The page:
Markets moved slightly higher in early trading Tuesday on the news that European Union leaders are taking steps to finally start delivering Spain a lifeline worth around $120 billion.
The EU says it will make more than $35 billion in emergency loans available to Spain by the end of the month to help shore up the banking sector in Europe's fourth-largest economy. Will the aid to Spain finally help move the needle to improve Europe's ongoing debt crisis?
David Kotok, chairman and CIO of Cumberland Advisors, doesn't think so. And as of 11:30 am ET stocks were indeed in the red. The S&P was down 0.19 percent, and the Dow lost 0.13%.
"This latest twist in Spain is a speck," says Kotok. "The problems in Europe are not being solved. The peripheral economies are contracting [and] you're still running deficits, which are expanding the debt."
Kotok has a history of being generally bullish in the face of stark headwinds. As recently as this spring, Kotok told The Daily Ticker that "weakness and turmoil" were good for stocks. But these days, he has grown more cautious as Europe continues to fall apart, the state of China's economy remains a question mark and most worrisome of all, for him, is the growing political uncertainty in the United States.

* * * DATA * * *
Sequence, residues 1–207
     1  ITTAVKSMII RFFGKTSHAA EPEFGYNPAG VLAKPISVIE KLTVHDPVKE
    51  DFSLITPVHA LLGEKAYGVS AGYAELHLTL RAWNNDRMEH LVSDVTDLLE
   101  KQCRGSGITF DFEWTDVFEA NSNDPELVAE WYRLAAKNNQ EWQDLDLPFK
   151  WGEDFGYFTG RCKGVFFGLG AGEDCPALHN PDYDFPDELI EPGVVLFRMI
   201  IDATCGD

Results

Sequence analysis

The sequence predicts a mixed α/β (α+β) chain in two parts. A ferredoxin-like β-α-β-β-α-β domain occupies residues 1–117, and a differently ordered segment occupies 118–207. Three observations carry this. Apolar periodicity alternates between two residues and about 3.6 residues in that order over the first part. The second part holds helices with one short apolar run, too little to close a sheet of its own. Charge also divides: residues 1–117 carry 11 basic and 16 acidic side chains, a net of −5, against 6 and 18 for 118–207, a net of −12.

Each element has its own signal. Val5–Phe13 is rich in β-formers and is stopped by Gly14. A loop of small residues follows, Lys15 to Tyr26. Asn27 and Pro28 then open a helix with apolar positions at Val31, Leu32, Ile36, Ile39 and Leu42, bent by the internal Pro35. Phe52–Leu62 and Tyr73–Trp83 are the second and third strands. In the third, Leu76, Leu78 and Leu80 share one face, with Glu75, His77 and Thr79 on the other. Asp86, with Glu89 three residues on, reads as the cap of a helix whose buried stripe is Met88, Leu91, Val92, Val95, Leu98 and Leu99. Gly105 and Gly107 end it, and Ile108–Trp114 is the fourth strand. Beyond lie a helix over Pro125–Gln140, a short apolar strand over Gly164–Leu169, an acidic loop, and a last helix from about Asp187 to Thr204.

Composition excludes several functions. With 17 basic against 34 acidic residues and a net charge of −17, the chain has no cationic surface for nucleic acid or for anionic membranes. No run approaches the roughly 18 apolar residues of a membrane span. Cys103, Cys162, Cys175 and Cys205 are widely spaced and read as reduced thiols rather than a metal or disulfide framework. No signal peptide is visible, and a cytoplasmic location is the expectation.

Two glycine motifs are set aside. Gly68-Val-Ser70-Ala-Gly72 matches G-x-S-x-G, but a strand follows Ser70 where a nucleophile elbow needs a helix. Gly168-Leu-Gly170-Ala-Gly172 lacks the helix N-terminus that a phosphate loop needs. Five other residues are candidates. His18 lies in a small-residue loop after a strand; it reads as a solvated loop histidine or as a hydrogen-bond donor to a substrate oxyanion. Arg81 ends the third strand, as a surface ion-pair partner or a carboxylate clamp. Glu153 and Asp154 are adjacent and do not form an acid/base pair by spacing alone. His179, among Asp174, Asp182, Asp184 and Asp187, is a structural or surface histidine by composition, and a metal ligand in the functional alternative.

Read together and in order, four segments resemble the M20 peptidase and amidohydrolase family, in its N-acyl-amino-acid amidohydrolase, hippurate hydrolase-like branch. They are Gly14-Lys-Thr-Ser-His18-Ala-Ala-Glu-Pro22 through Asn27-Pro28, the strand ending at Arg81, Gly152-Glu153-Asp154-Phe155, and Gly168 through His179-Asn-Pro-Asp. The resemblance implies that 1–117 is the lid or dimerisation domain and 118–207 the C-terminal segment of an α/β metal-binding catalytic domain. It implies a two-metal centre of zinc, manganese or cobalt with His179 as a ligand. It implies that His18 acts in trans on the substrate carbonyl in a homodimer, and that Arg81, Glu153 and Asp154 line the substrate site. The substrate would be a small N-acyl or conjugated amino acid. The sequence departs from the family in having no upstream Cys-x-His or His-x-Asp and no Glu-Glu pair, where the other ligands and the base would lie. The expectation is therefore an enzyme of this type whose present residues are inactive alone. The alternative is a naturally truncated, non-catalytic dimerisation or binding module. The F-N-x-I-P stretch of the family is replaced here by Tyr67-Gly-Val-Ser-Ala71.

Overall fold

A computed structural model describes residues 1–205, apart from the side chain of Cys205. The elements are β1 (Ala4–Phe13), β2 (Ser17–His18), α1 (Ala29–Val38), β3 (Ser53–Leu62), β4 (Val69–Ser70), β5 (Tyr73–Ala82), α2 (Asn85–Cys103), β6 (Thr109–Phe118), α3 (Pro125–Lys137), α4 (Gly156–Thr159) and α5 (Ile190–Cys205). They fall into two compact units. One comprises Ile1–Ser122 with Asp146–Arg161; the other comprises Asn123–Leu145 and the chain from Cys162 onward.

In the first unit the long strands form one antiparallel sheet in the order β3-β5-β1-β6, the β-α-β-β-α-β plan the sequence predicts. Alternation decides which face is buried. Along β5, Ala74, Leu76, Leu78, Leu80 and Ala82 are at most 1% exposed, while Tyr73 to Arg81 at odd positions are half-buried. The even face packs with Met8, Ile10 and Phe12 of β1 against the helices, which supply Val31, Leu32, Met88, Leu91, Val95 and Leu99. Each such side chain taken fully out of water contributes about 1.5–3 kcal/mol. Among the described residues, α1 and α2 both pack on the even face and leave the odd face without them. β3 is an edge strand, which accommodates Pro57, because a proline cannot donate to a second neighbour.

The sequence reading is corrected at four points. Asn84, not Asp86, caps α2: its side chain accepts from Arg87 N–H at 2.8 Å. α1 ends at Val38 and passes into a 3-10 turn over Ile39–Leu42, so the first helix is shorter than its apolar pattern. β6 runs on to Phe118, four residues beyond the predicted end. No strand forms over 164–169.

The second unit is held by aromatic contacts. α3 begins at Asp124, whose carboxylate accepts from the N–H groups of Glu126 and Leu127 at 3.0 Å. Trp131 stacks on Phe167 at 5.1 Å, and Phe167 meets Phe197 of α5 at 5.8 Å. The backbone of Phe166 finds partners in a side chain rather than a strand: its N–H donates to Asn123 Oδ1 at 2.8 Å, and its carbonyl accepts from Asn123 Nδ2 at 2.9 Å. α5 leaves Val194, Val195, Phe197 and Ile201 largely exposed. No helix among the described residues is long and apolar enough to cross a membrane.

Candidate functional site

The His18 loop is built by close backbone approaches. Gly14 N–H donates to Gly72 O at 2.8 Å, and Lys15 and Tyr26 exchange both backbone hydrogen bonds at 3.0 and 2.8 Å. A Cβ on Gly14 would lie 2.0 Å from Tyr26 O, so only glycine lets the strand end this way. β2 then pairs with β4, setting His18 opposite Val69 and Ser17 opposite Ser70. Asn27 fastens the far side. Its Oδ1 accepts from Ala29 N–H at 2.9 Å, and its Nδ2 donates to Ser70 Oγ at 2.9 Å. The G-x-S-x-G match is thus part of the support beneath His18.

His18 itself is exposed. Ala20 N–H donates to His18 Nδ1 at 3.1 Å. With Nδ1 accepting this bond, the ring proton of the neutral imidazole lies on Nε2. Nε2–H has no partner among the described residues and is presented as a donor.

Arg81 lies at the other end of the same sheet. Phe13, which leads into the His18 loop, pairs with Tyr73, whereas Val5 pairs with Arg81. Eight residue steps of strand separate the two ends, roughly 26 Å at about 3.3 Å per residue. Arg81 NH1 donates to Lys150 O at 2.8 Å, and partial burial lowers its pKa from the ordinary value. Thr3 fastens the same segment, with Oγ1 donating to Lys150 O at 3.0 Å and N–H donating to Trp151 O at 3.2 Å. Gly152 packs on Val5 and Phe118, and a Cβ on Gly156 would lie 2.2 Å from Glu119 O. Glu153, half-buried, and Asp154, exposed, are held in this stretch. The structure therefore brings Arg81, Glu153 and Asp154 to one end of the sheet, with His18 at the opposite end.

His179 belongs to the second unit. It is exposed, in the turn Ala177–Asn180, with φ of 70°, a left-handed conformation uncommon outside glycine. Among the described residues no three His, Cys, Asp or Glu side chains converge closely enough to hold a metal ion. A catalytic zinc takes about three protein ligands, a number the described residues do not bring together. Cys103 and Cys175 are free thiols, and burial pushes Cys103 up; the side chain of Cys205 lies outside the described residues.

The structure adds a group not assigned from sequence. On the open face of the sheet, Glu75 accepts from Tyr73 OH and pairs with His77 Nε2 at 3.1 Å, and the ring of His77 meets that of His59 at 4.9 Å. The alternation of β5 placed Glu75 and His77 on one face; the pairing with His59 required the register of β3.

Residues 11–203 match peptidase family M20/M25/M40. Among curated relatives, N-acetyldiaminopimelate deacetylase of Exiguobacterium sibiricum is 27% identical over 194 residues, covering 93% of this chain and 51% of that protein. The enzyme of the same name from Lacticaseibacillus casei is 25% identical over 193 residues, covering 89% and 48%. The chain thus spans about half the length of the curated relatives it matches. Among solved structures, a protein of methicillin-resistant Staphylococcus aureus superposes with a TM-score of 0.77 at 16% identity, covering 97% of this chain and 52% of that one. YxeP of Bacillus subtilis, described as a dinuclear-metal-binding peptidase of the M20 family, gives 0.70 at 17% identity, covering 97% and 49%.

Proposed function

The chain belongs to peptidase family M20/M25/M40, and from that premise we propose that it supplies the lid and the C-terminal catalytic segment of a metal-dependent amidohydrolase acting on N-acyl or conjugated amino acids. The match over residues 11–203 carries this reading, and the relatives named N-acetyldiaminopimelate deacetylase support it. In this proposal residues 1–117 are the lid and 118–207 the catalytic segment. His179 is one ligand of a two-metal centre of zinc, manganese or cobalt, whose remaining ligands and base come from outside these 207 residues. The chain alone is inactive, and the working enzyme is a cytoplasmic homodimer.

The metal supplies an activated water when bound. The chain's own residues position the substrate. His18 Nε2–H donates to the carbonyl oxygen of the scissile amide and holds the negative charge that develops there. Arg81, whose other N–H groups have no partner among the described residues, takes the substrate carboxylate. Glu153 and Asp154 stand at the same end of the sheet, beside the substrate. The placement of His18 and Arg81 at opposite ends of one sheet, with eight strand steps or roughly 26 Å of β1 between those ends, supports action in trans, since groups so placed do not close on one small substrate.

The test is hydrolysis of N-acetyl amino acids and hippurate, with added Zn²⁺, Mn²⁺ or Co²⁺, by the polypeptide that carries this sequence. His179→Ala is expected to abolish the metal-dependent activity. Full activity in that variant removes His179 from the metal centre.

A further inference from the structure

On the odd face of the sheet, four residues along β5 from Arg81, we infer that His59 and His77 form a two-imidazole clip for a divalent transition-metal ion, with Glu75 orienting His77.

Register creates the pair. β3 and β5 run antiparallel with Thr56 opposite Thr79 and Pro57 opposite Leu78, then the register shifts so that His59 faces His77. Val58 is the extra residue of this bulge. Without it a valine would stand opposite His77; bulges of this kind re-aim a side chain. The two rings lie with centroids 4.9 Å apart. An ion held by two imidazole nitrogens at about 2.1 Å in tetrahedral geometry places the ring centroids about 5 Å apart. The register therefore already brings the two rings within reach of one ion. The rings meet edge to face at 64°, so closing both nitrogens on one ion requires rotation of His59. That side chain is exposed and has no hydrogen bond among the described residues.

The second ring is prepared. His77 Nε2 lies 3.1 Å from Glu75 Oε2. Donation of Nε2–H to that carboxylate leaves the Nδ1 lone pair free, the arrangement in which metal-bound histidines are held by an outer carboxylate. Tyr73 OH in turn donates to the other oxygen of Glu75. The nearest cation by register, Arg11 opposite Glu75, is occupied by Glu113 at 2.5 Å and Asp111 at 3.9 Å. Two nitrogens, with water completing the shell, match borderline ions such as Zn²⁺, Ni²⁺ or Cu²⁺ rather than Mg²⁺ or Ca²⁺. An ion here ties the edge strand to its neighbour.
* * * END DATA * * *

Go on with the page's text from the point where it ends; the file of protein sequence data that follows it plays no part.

"These characters that we put in office in Washington give us no certainty and no confidence," he says. "They are busy squabbling with themselves. There is a reason Congressmen are as popular as scorpions."
As Kotok explains in the accompanying video, he turned bullish last fall but took a more cautious approach this spring when the global economy hit a "rocky period."
"We are holding a cash reserve right now because we think we are going to have some bargains ahead," he says. "I don't want to be fully invested when I believe a downdraft can provide entry opportunities."
Kotok is uncertain of where the S&P will end the year, but he's reaffirming his two-year price target of 1550 to 1600 by the end of 2014. "I still think we can see 1550 or 1600 two years from now if the idiots in Washington don't derail it," he says.
He also stands by his recommendation to overweight ETFs in consumer discretionaries and homebuilders, and now he's throwing the banking sector into the mix.
"This LIBOR scandal and other scandals have made banking, generally speaking, for sale at a fire-sale price," he says. "You can buy the whole banking system of the United States below tangible book value. There will be a banking system, and we will use it and it will make a profit."
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